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Must I observe you ? Must I stand and crouch
Under your testy humor? By the gods,
You shall digest the venom of your spleen,
Though it do split you; for, from this day forth,
I'll use you for my mirth, yea, for my laughter,
When you are waspish.

Cas. Is it come to this?

Bru. You say you are a better soldier;
Let it appear so: make your vaunting true,
And it shall please me well. For mine own part,
I shall be glad to learn of noble men.
Cas. You wrong me every way - you wrong me,

I said an elder soldier, not a better;
Did I say better?

Bru. If you did, I care not.
Cas. When Cæsar lived, he durst not thus have

moved me.
Bru. Peace, peace; you durst not so have tempted

Cas. I durst not?
Bru. No.
Cas. What! durst not tempt him ?
Bru. For your life you durst not.

Cas. Do not presume too much upon my love;
I may do that I shall be sorry for.
Bru. You have done that you should be sorry

There is no terror, Cassius, in your threats;
For I am armed so strong in honesty,
That they pass by me as the idle wind,
Which I respect not.

I did send to you
For certain sums of gold, which you denied me;
For I can raise no money by vile means.
By Jupiter, I'd rather coin my heart,

And drop my blood for drachmas, than to wring
From the hard hands of peasants their vile trash
By any indirection. I did send
To you for gold to pay my legions,
Which you denied me. Was that done like Cassius?
Should I have answered Caius Cassius so?
When Marcus Brutus grows so covetous,
To lock such rascal counters from his friends,
Be ready, gods, with all your thunderbolts,
Dash him to pieces !

I denied you not.
Bru. You did.

I did not;-he was but a fool
That brought my answer back.-Brutus hath rived

my heart;
A friend should bear his friend's infirmities,
But Brutus makes mine greater than they are.

Bru. I do not, till you practice them on me.
Cas. You love me not.

I do not like your faults.
Cas. A friendly eye could never see such faults.

A flatterer's would not, though they do

appear As huge as high Olympus.

Cas. Come, Antony, and young Octavius, come! Revenge yourself alone on Cassius, For Cassius is a-weary of the world : Hated by one he loves-braved by his brotherChecked like a bondman-all his faults observed, Set in a note-book-learned and conned by rote, To cast into my teeth. O, I could weep My spirit from mine eyes !—There is my dagger, And here my naked breast; within, a heart Dearer than Plutus mine, richer than gold ! If that thou be'st a Roman, take it forth!

I that denied thee gold, will give my heart:
Strike as thou didst at Cæsar; for I know,
When thou didst hate him worst, thou lovedst

him better
Than ever thou lovedst Cassius.

Sheathe your dagger;
Be angry when you will, it shall have scope;
Do what you will, dishonor shall be humor.
O Cassius, you are yoked with a lamb,
That carries anger as the flint bears fire;
Which much enforced, shows a hasty spark,
And straight is cold again.

Hath Cassius lived
To be but mirth and laughter to his Brutus,
When grief and blood ill-tempered vexeth him ?

Bru. When I spoke that I was ill-tempered, too.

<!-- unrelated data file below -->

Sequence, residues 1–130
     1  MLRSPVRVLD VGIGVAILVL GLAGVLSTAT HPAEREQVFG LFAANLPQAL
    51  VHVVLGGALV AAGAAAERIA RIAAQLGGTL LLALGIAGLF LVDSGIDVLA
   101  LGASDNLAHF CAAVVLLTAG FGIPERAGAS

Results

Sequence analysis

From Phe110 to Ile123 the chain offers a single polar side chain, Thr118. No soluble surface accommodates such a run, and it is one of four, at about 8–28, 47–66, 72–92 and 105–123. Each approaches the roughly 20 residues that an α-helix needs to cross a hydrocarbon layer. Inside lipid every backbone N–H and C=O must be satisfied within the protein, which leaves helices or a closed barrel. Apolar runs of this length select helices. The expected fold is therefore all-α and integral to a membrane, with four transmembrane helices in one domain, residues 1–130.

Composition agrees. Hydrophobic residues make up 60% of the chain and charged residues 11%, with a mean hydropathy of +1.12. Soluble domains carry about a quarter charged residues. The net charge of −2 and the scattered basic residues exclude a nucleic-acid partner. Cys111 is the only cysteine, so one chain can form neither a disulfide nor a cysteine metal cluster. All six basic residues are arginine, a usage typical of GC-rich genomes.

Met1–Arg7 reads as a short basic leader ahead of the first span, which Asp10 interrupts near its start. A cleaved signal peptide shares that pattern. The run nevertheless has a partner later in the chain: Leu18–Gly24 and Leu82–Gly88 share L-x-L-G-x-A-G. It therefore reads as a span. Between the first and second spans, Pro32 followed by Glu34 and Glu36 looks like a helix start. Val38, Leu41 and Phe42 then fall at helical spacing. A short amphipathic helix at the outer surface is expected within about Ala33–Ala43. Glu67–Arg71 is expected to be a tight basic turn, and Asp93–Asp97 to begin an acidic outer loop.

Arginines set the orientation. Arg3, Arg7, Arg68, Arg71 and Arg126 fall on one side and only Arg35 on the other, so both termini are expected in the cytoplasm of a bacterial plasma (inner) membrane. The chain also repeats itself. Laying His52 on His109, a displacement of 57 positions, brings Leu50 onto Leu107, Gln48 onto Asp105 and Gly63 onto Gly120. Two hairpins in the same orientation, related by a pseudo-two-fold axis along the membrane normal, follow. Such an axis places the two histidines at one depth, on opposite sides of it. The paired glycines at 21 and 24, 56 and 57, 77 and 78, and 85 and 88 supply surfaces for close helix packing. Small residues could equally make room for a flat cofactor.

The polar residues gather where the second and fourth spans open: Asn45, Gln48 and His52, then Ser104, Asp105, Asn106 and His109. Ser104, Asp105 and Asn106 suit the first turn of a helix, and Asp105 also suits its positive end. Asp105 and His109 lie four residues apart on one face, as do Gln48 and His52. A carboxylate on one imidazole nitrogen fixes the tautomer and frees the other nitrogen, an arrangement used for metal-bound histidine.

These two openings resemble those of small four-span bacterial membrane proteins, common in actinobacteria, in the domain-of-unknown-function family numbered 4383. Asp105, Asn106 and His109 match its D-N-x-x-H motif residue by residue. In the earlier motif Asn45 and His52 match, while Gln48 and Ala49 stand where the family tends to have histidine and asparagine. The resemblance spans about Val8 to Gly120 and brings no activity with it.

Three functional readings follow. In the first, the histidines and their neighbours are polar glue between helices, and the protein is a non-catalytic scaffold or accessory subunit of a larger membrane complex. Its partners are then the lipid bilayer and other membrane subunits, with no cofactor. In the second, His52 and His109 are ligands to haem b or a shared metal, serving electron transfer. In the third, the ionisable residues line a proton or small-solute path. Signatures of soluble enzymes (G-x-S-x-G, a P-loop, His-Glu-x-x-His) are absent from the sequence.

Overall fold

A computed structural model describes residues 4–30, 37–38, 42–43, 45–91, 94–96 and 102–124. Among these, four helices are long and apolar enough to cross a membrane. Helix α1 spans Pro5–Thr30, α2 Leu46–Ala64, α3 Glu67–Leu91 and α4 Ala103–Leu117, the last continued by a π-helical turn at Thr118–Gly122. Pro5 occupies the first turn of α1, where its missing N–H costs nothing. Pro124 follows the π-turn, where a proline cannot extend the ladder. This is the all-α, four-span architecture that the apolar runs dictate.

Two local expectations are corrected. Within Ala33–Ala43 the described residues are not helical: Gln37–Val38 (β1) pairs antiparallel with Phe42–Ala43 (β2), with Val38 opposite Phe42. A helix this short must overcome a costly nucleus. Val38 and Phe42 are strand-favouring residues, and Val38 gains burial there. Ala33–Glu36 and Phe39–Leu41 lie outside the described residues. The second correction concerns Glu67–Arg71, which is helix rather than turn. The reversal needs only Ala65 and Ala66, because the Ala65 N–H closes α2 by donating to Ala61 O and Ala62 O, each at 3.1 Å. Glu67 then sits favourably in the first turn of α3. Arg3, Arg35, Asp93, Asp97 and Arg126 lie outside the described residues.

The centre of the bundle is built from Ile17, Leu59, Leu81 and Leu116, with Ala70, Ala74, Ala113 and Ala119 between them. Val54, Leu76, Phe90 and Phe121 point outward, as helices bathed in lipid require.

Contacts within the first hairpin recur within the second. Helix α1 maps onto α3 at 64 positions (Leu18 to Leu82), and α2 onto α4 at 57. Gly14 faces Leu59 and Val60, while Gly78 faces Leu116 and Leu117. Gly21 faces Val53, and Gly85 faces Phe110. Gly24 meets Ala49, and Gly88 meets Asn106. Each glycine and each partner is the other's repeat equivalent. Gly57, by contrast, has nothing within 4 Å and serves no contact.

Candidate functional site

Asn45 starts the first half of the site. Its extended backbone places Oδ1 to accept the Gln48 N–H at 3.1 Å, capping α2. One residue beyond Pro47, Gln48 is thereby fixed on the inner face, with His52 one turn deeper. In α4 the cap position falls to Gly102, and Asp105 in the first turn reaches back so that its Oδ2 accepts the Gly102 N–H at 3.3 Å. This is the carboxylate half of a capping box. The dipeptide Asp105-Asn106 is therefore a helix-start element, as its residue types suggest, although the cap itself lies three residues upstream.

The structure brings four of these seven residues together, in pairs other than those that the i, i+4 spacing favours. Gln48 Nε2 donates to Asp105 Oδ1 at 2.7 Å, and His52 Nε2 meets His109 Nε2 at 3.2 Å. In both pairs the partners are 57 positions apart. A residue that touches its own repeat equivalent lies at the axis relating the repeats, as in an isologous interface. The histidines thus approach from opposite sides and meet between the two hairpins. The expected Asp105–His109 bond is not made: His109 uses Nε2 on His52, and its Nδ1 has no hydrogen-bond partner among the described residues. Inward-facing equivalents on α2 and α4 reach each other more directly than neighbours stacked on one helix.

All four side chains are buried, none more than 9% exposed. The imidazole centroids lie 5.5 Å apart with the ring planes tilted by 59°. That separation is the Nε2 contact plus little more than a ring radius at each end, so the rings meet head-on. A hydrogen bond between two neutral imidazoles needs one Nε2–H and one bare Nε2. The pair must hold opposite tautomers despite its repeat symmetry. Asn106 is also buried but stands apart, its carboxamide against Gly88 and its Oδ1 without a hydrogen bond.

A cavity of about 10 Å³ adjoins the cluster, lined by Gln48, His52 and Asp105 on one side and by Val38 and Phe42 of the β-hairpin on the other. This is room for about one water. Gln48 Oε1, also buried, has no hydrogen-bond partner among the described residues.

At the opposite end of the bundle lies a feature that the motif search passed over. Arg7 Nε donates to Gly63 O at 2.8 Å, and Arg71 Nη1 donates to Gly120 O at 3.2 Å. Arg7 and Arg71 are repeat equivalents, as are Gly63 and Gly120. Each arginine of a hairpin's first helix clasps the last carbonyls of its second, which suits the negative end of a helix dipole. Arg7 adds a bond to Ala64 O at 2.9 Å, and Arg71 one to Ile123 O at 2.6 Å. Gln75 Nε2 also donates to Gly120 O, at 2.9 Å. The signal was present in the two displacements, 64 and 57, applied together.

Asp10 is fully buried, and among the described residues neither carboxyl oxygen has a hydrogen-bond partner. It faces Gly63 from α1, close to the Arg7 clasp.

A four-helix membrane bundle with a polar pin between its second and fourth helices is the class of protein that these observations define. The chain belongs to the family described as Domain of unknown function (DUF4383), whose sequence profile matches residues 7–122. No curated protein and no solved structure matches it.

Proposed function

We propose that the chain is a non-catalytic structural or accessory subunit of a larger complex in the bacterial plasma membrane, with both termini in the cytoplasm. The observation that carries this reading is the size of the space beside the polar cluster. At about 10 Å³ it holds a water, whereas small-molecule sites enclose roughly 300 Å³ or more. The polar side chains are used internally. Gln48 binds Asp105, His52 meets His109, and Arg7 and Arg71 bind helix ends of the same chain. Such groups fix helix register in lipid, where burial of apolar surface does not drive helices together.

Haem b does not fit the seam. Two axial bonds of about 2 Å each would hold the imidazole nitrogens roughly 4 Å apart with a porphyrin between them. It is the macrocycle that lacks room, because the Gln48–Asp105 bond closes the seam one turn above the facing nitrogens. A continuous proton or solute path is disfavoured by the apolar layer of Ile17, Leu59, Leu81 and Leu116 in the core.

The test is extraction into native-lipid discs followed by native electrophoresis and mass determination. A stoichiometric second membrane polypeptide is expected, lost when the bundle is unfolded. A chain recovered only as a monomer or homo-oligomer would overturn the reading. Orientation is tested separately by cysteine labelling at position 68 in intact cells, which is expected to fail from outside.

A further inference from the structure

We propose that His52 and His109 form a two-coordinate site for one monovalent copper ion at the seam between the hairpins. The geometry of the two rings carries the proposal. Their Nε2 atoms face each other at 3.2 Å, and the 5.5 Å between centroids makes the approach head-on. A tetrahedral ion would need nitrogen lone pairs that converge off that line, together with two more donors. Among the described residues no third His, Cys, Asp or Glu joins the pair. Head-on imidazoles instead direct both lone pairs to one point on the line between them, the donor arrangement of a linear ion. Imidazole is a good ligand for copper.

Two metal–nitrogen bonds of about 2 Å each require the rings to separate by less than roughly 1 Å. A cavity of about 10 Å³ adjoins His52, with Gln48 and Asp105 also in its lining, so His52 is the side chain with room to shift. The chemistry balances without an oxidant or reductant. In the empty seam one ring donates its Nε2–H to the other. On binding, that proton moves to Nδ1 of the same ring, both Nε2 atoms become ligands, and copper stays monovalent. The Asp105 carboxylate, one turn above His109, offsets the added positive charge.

Cas. Do you confess so much? Give me your

Bru. And my heart, too.

O Brutus!
Bru. What's the matter ?

Cas. Have you not love enough to bear with me, When that rash humor which my mother gave me Makes me forgetful ?

Bru. Yes, Cassius; and, from henceforth, When you are over-earnest with your Brutus, He'll think your mother chides, and leave you so.

SHAKESPEARE—Julius Cæsar."

Spell and pronounce :-chastisement, ides, villain, bondmen, contaminate, venom, spleen, Cæsar, Caius, Cassius, rived, Olympus, a-weary, conned, Plutus' sheath, and ill-tempered.

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wāif, anything found, or with

out an owner. Lone Jăck, a brand of tobacco. bri'er woodş, pipes made of

brierwood. ěs'eort, a person, or persons who

accompany for protection. toddle, to walk with short steps.

yärn, a story or tale.
mis'sile, a weapon thrown, like

a bullet.
re view', inspection of troops

under arms. sēr'ġěant or sär'jènt, a non

commissioned officer next in rank above the corporal.


South Mountain towered upon our right, far off

the river lay, And over on the wooded height, we held their

lines at bay. At last, the muttering guns were still; the day

died slow and wan; At last, the gunners' pipes did fill; the sergeants'

yarns began.

Then, as the wind a moment blew aside the fra

grant flood, Our brierwoods raised, within our view, a little

maiden stoodA tiny tot of six or seven, from fireside fresh she

seemed (Of such a little one in Heaven, one soldier often


And as we stared, her little hand went to her

curly head In grave salute; “And who are you ?” at length

the sergeant said.

And where's your home?” he growled again. She

lisped out, “Who is me ? “Why, don't you know? I'm little Jane, the Pride

of Battery B.

“My home? Why, that was burned away; and pa

and ma are dead ; And so, I ride the guns all day along with Ser

geant Ned. And I've a drum that's not a toy, a cap with

feathers, too, And I march beside the drummer boy, on Sundays,

at review.

“But now, our 'bacca's all give out; the men can't.

have their smoke, And so, they're cross,-why, even Ned won't play

with me and joke; And the big colonel said to-day-I hate to hear him

swear 'He'd give a leg for a good pipe, like the Yank

had, over there.'

“And so, I thought, when beat the drum, and the

big guns were still, I'd creep beneath the tent, and come out here

across the hill, And beg good Mister Yankee men, you'd give me

some Lone Jack : Please do-when we get some again, I'll surely bring

it back.

"Indeed I will; for Ned - says he- if I do what I

sayI'll be a general yet, may be, and ride a prancing


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